Daniel Francis

Reading the National Narrative
July 9, 2013

Yesterday brought exciting news for orca lovers on the BC coast. A sighting near Bella Bella indicates that Springer, the famous "orphan orca," has given birth and that mother and calf are doing well.

In 2002 Springer, then less than two years old, captured the world's attention when she was discovered, alone and in poor health, down in Puget Sound near Seattle. Marine scientists decided to intervene to capture the animal, nurse her back to health, then return her to her normal...

July 5, 2013

 

Just in time for Canada History Week the folks at the Dictionary of Canadian Biography had done a makeover to their website. The result makes for a vastly improved visitor experience. As a taste test, try this new bio of historian Donald Creighton.

For the Fourth of July, Slate published a critical...

July 2, 2013

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Admonished by my government to get out and "celebrate our history and the achievements that define who we are" (in the words of our heritage minister), I spent part of Canada Day, and the first day of Canada History Week, marching in a parade.

The North Vancouver Museum & Archives, of which I am a commissioner, is hoping to move to a new location in a...

June 24, 2013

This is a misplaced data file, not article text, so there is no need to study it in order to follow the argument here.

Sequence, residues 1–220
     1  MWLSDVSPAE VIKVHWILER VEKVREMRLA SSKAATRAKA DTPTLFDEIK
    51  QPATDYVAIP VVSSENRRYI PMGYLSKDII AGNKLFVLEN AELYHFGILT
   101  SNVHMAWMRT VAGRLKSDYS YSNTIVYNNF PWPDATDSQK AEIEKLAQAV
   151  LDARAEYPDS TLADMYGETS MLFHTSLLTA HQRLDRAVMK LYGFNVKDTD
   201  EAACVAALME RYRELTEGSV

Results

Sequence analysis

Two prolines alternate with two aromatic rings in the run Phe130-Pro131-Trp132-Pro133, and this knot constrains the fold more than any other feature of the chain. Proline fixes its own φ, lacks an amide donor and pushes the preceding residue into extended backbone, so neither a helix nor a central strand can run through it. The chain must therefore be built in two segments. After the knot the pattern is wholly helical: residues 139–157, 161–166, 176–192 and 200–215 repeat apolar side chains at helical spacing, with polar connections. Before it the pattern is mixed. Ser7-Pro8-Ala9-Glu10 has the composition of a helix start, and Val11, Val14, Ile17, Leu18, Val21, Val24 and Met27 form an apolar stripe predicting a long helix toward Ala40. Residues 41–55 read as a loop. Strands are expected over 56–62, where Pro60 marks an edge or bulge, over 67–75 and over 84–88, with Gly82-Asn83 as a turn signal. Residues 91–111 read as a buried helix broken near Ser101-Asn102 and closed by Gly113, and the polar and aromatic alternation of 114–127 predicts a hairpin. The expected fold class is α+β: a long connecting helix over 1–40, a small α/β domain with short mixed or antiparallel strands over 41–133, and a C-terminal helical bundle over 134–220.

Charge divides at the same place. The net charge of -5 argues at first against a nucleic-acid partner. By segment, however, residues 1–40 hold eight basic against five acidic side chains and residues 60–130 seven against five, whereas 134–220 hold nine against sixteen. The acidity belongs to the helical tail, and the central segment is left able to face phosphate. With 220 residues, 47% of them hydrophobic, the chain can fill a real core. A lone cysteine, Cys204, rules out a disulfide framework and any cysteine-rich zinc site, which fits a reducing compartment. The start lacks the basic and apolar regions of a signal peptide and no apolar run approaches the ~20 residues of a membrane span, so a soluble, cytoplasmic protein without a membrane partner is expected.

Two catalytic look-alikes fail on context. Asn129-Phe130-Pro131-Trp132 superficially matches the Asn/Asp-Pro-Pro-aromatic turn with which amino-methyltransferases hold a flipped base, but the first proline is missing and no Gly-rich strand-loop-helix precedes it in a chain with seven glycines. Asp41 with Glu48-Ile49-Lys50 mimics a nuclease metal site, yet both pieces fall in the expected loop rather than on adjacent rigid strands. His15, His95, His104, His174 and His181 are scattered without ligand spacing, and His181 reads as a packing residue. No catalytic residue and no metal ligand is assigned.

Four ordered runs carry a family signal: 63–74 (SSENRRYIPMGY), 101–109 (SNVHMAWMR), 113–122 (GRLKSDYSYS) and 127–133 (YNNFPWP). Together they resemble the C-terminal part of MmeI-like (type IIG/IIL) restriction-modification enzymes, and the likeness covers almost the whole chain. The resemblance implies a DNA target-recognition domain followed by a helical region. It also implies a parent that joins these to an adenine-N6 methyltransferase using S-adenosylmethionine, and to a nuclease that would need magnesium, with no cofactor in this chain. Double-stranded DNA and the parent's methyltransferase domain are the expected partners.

Some thirty years ago while I was researching the history of whaling for my book on the subject (The Great Chase, Penguin Canada, 1990) I had the pleasure of chatting with Selma Barkham about her work in the Basque archives.

Last Saturday I thought of our conversation as UNESCO declared that Red Bay, Labrador, located on the north shore of the Strait of Belle Isle, would be Canada's newest World Heritage Site. Almost 500 years ago, the tiny settlement was one of the whaling...

June 18, 2013

Recently I’ve been researching the history of prohibition during the 1920s, in Canada and in the borderlands with the US as well. As so often happens, echoes of one’s own research can be heard in the political issues of the present day, specifically in the recent revelations of massive electronic eavesdropping by the American government on its own citizens.

Watchers of Ken Burns’s television series “Prohibition” that showed last year on PBS will recall the story of Roy Olmstead, the...

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